Is this a 75-minute album or a 37.5 minute album? Both. The tracks on each side of the cassette are designed to be played simultaneously. While this may seem to some like a gimmick, it’s not; it’s a careful construction that offers a unique home experience.
Some ways to enjoy We Need: playing one side on headphones, another on a four-channel stereo (now you’re in the middle); one side on a laptop, another on a two-channel stereo (now you’re in the foreground); two stereos, boom boxes or other outer playback devices (now everything is balanced). A download code is included, as well as unlimited streaming.
I’m experimenting with depth while enjoying the tape: first playing “Extent” in the background and “CONtent” in the foreground. “Extent” is a soundscape, dominated by synth and field recordings, a moody, undulating piece that seems at times almost sad. The muted dialogue that enters and exits implies presence at the same time as it implies disconnection. While it’s the quieter side of the composition, one can adjust the sound levels to reflect one’s personal tastes. “CONtent” is the more overtly musical side, marked by languid piano and light, reverberating electronics. While listening in this manner, one can imagine an outdoor concert, the pianist set against a wooded field, unidentified creatures playing in the woods. Fellow attendees speak in quiet tones. The sound of rain, the smell of the leaves breaks through. The sounds act in complement, save for the times in which they converge: the fifth minute, the twelfth, the halfway mark, the end. At these points, the attention surges forward. In the climactic minutes, synthesized crickets and agitated percussion produce a sound that seems like a liftoff.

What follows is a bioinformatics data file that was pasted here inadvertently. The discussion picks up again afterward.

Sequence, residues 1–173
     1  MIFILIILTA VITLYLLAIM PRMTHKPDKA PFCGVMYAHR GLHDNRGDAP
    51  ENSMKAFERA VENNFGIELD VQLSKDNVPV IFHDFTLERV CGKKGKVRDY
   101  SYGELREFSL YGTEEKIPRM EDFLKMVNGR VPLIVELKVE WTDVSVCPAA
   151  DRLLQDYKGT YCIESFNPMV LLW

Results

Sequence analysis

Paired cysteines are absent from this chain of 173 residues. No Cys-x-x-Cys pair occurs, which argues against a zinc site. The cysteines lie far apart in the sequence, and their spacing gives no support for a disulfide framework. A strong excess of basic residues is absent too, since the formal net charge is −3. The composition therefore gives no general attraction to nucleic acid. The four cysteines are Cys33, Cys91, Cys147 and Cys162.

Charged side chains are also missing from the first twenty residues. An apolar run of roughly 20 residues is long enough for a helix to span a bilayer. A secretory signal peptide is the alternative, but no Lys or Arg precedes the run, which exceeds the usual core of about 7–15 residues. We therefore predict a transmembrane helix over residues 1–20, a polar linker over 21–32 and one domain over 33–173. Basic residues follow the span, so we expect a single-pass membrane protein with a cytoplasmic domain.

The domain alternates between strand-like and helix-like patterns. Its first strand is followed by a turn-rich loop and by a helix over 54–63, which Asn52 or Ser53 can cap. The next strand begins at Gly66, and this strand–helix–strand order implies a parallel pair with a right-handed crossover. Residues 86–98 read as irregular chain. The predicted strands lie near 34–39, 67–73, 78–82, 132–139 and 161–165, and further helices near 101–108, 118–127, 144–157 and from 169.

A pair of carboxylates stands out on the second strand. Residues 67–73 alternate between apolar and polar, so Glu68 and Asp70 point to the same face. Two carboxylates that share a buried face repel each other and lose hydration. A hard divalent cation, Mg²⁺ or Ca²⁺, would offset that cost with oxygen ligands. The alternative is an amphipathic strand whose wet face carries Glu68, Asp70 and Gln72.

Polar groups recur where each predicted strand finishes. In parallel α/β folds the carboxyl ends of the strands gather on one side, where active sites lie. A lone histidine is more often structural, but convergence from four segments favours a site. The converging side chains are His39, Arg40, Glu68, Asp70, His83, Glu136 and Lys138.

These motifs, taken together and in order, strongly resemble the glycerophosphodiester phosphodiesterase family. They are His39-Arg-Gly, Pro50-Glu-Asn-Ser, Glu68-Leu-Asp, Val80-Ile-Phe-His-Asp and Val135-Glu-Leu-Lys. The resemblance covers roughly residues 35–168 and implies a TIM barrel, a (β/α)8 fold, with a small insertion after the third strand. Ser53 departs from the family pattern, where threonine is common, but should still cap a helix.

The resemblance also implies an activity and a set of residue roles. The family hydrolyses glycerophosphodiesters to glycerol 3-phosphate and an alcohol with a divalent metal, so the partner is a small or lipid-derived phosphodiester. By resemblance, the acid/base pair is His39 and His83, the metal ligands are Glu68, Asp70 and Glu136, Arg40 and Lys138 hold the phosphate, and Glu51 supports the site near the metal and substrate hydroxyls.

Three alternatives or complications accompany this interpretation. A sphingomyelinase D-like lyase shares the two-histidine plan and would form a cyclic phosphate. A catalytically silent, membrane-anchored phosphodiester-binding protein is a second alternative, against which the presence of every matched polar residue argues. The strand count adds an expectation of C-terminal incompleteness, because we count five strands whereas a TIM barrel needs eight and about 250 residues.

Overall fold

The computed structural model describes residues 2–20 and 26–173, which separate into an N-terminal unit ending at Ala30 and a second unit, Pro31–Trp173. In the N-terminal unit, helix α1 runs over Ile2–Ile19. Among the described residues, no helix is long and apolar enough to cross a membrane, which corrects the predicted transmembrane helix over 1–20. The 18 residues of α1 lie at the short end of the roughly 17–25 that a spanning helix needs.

Now flip the script: field recordings and synth in the foreground, piano and electronics in the back. At some point in the concert, an attendee wandered off into the woods. Perhaps he was chasing a firefly; perhaps he wanted to rest by the stream. The new sonic world seems backwards, and wondrous. He hears voices. His isolation is soothing for a while, but then he begins to yearn for connection. This is the point of the entire venture: we need. The name of production trio Human as Possible may imply artificial life and Turing tests, but the album implies a different angle: that human beings have become less human themselves, the victims of technology in an age of spiritual disconnection. The engraved wooden cases are a tactile reminder of our roots: from nature we came, to nature we will return. There is still time to act, to wander from our current path and in so doing to find our way. (Richard Allen)